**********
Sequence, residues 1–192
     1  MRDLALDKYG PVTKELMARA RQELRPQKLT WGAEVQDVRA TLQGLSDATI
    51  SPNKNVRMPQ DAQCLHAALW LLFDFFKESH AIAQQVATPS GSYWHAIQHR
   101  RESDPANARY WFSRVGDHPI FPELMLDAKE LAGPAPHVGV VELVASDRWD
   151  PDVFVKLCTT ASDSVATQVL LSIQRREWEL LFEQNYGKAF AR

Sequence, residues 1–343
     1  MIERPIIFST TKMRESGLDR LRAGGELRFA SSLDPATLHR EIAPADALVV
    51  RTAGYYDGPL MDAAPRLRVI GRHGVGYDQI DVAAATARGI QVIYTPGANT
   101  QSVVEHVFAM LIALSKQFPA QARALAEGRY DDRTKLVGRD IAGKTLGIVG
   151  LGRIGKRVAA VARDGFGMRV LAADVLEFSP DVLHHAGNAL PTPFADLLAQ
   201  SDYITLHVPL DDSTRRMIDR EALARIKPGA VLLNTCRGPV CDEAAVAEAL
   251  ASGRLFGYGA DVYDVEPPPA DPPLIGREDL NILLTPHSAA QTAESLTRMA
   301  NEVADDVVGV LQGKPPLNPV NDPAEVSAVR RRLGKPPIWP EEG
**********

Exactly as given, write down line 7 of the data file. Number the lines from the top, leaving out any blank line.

     1  MIERPIIFST TKMRESGLDR LRAGGELRFA SSLDPATLHR EIAPADALVV